The Boss: Sean O’Brien and the Teamsters Attempt an Extreme Makeover
Between the rusted trusses of I-93 and the old Schrafft’s candy plant in Charlestown, there’s a red-brick block of a building standing alone in a concrete landscape. For decades, this has been the headquarters of Teamsters Local 25. It is also the place where O’Brien more or less grew up.
“We’re a Teamsters family,” says O’Brien, whose mother and father came from multigenerational lines of Teamsters. “The topic of conversation at the dinner table was always the union.” O’Brien joined Local 25 as a teenager. He unloaded trucks in the Theater District, drove tractor-trailers, delivered milk, and—between layoffs—worked on movie sets. Today, all three O’Brien boys—William III, Michael, and Sean—are longtime Local 25 members.
Nearly five years ago, their father, William, went to bed after an all-day shift driving a truck and died in his sleep. O’Brien was devastated. “I can’t say enough how much he loved his father,” says Joe “Okie” O’Connor, a longtime Teamster. O’Brien told me, simply, “I idolized my father.”
Billy O’Brien, as he was known in Charlestown, instilled in his son a deep loyalty to the Teamsters. “Everything we had, we knew why,” O’Brien says. “We had a house, we had food on the table, we had a vacation once a year because of the Teamsters.” When Billy was growing up in Charlestown, the younger O’Brien says, “There were only four professions—policeman, fireman, longshoreman, or Teamster—and the Teamsters were paid the most.”
Of course, there was at least one other trade available to young Townies: robbery. FBI statistics show that in the 1980s and 1990s, no other ZIP code produced as many armored-car robbers as 02129. In some corners of Charlestown, robbery was such a part of the culture then that locals printed T-shirts with a leprechaun clutching a bag of cash over the words “Boston Bandits.”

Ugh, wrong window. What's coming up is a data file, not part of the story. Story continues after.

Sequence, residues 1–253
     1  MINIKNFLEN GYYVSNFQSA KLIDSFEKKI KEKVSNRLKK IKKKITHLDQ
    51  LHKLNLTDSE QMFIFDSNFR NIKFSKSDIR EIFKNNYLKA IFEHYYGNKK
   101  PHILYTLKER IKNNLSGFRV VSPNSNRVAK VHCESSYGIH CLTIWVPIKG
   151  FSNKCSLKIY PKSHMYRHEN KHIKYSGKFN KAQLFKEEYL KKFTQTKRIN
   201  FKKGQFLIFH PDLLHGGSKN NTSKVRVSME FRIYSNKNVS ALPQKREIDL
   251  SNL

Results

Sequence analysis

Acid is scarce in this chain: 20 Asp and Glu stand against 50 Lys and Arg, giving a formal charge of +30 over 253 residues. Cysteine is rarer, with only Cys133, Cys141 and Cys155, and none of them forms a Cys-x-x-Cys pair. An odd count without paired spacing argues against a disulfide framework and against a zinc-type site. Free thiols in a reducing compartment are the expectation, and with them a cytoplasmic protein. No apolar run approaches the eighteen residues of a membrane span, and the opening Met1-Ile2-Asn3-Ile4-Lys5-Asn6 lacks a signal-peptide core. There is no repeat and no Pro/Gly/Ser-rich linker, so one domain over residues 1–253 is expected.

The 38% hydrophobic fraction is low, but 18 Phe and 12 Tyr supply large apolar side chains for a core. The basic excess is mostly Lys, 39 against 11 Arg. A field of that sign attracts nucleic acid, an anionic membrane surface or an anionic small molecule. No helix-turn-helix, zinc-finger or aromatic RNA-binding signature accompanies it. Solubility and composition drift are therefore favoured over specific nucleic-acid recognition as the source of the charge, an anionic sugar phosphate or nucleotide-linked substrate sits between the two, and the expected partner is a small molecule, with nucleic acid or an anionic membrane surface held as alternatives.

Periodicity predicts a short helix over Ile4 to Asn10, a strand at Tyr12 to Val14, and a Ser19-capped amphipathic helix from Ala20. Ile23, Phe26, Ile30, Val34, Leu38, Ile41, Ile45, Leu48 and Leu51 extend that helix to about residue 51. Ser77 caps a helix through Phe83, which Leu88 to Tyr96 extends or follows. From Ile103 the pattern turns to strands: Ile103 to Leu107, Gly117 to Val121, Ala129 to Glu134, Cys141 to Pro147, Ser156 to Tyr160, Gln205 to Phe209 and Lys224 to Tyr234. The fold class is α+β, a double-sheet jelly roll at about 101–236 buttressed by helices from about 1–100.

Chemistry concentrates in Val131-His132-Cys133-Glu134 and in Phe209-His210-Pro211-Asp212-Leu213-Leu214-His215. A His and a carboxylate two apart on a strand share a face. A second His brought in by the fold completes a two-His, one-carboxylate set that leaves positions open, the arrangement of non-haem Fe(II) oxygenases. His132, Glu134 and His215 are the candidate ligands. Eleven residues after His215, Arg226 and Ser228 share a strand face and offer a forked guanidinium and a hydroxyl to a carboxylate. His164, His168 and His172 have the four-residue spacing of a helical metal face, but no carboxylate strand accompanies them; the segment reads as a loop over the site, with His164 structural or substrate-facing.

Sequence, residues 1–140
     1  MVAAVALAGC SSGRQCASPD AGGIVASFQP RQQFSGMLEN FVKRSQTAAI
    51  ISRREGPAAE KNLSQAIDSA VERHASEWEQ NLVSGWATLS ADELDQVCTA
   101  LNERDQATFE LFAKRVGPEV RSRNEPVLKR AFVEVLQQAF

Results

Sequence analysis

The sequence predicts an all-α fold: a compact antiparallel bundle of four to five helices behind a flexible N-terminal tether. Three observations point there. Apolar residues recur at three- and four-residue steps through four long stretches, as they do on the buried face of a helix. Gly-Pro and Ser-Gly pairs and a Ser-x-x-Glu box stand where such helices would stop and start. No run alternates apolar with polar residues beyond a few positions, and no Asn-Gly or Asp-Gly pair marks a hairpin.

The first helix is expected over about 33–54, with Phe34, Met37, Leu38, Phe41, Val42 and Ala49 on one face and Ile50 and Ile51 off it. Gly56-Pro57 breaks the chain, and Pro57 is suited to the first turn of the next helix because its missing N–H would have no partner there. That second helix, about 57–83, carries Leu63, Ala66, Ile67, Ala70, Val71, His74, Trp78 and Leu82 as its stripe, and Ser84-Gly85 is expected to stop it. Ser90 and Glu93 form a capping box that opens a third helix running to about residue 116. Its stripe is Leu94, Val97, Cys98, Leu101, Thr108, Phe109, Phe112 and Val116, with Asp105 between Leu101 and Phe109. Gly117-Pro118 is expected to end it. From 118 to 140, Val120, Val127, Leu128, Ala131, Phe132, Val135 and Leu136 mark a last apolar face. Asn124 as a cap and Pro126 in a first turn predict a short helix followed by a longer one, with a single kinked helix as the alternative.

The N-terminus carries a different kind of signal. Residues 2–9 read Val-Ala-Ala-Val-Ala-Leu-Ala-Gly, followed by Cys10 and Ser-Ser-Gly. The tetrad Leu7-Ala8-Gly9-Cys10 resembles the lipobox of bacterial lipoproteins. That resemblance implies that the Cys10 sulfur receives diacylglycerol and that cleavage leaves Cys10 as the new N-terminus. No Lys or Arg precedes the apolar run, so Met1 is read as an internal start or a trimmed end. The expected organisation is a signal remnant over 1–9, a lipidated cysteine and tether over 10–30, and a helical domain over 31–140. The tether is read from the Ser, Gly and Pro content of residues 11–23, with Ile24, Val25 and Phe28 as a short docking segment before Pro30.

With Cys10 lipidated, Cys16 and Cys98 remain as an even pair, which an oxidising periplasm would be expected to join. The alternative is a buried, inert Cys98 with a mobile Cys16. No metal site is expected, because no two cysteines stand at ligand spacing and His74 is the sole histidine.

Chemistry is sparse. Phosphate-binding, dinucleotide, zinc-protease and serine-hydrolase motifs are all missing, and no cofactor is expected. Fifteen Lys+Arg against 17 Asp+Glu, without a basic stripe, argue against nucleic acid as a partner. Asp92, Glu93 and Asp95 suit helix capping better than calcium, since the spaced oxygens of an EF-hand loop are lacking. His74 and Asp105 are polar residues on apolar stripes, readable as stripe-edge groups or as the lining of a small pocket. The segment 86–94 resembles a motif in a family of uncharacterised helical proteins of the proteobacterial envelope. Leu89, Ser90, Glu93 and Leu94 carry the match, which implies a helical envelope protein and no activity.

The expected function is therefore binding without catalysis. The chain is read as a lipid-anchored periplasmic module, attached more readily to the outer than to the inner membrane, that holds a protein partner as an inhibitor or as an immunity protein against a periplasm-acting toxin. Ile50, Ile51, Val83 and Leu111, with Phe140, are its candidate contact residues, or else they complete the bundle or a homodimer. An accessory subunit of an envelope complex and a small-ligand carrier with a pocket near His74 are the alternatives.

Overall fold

In tight-knit Charlestown, where a code of silence protected criminals, the line between the bad guys and the workaday laborers was sometimes blurry. Nowhere was this truer than within the ranks of the O’Brien family’s beloved Local 25. During the 1960s, Local 25 members frequented Marshall Motors, a garage on Somerville’s Winter Hill where Bulger regularly hung out. Jimmy Flynn, an alleged associate of the Winter Hill Gang, was also a representative of Local 25, and other gang members maintained ties to Local 25 for decades.
When the armored-car-robbery craze started, the Teamsters were in the thick of it. “There was a lot of intersection between the armored-car-robbery community and Local 25,” says a former federal prosecutor. Most notorious was a crew of Local 25 members that robbed dozens of banks and armored cars in the early 1990s (and likely inspired Ben Affleck’s movie The Town). The gang was finally caught after a botched heist led to the slaying of two guards.
Meanwhile, Local 25’s movie crew, where Sean O’Brien worked and his father was a transportation coordinator, was earning a reputation for extorting Hollywood filmmakers. In 1994, a top representative of Local 25’s movie crew was convicted on federal conspiracy charges connected to a mob-related scheme to extract bribes from movie executives. As recently as 2000, union and police sources told the Herald that a union member beat up a snack-truck operator who was working on a film set considered to be Local 25’s turf. It didn’t take long for Tinseltown to get the message: Steer clear of Boston.